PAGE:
The Sunday Six

Celebrating music with six random songs at a time

Welcome to a new weekly celebration of music in different flavors from different eras, six tunes at a time. Today, The Sunday Six recurring feature is hitting another mini milestone with its 25th installment. And it’s the Fourth of July holiday here in the U.S., so to those who celebrate it, happy Fourth and please be safe!

Teenage Fanclub/The Sun Won’t Shine on Me

Kicking us off today is a band with the somewhat strange name Teenage Fanclub. If you follow the great PowerPop blog, you may have seen this Scottish power pop band was just featured there. In this context, Aphoristic Album Reviews, another music blog I highly recommend, noted that not only are Teenage Fanclub still around (after more than 30 years), but they recently came out with a new album. It’s titled Endless Arcade. Founded in Bellshill near Glasgow in 1989, the band’s initial formation largely included members of The Boy Hairdressers, another local group that had just dissolved. Following a well received more edgy rock-focused debut album, A Catholic Education from June 1990, Teenage Fanclub adopted their signature power pop-oriented sound inspired by groups like Big Star, Badfinger and the Byrds. The third album Bandwagonesque brought them more attention and significant success in the U.S. where the single Star Sign hit no. 4 on the Billboard Modern Rock Tracks chart. Not surprisingly, Teenage Fanclub’s line-up has changed over the decades and currently features co-founding members Norman Blake (vocals, guitar) and Raymond McGinley (vocals, guitar), together with Euros Childs (keyboards, vocals), Dave McGowan (keyboards, guitar, bass, vocals) and Francis Macdonald (drums, vocals). Frankly, I had never heard of the band until the above fellow bloggers brought them to my attention. Here’s The Sun Won’t Shine On Me, written by Blake, which appears on Teenage Fanclub’s new album released on April 30. While the lyrics are blue, I love the tune’s jangly guitar sound!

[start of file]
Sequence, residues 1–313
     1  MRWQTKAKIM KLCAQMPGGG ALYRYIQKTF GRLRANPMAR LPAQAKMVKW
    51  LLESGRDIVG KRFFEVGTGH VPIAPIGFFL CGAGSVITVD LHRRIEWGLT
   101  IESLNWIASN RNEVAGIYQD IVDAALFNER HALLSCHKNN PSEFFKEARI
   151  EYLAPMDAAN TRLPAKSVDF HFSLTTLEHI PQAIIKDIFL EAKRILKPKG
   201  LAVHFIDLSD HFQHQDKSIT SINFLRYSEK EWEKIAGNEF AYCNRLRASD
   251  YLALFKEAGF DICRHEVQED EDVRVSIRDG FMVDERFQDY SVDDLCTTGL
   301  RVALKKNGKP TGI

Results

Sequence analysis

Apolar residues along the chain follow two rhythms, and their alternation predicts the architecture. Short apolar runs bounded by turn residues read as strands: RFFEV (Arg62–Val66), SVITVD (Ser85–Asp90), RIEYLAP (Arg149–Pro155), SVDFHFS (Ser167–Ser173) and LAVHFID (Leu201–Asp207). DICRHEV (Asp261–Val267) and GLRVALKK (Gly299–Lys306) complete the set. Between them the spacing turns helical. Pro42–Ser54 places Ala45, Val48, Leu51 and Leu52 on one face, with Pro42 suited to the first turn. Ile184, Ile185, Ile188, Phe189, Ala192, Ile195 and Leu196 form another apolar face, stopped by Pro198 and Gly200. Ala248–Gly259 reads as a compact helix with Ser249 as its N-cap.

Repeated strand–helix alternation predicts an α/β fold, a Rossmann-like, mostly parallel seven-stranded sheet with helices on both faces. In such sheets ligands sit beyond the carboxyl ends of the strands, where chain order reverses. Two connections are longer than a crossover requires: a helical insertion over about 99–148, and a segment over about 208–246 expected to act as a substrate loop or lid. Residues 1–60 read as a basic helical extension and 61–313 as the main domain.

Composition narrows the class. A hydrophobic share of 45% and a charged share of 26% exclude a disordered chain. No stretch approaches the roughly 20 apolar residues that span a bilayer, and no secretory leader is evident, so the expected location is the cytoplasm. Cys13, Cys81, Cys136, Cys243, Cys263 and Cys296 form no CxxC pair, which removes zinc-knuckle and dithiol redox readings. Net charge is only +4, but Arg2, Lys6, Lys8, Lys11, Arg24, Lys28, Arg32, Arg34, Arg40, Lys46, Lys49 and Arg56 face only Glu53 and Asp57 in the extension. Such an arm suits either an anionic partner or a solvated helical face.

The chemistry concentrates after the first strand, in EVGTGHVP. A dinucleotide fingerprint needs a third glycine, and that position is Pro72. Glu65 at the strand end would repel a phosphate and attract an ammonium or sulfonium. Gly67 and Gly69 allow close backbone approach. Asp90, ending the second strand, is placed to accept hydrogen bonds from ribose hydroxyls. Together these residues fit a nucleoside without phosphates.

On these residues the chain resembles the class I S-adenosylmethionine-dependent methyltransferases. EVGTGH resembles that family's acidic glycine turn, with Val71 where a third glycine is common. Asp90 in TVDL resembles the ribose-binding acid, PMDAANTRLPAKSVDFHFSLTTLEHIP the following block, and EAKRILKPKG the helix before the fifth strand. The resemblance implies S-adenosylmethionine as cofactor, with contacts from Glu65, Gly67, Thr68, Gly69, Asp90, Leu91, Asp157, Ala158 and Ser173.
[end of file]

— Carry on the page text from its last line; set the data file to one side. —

Steely Dan/Rikki Don’t Lose That Number

On to the great Steely Dan and one of my favorite songs from their early phase as a standing band. Rikki Don’t Lose That Number, off their third studio album Pretzel Logic from February 1974, also became Steely Dan’s biggest hit single, surging to no. 4 on the U.S. Billboard Hot 100. It did even better in Canada where it peaked at no. 3. Donald Fagen and Walter Becker were huge jazz fans. When writing Rikki Don’t Lose That Number, evidently, they were inspired by The Horace Silver Quartet and the intro to Song for My Father, which I covered in a previous Sunday Six installment. Pretzel Logic was the final Steely Dan album featuring the full quintet line-up of Becker, Fagen, Denny Dias, Jim Hodder and Jeff “Skunk” Baxter. It was the first to include significant contributions from L.A. session musicians, a concept Becker and Fagen fully embraced on subsequent albums after they had turned Steely Dan into a studio project that became an increasingly sophisticated and complex.

The Youngbloods/Get Together

I’ve always loved this next tune by The Youngbloods, and it’s been on my “list” for a Sunday Six for some time. Get Together appeared on their eponymous debut album from December 1966. Written by Chet Powers, who was also known as Dino Valenti and a member of psychedelic rock outfit Quicksilver Messenger Service, the song first appeared on a 1963 record by bluegrass band The Folkswingers. It was also included as Let’s Get Together on Kingston Trio’s live album Back in Town released in June 1964, as well as on Jefferson Airplane’s debut album Jefferson Airplane Takes Off from August 1966. But it was the rendition by The Youngbloods, which became most successful, giving them their only top 40 hit in the U.S. mainstream charts. Their cover reached a peak there in 1969 when it was reissued as a single and hit no. 5 on the Billboard Hot 100. It’s a pity The Youngbloods did not achieve widespread popularity. After their fifth studio album High on a Ridge Top from November 1972, they called it quits.

Dire Straits/Skateaway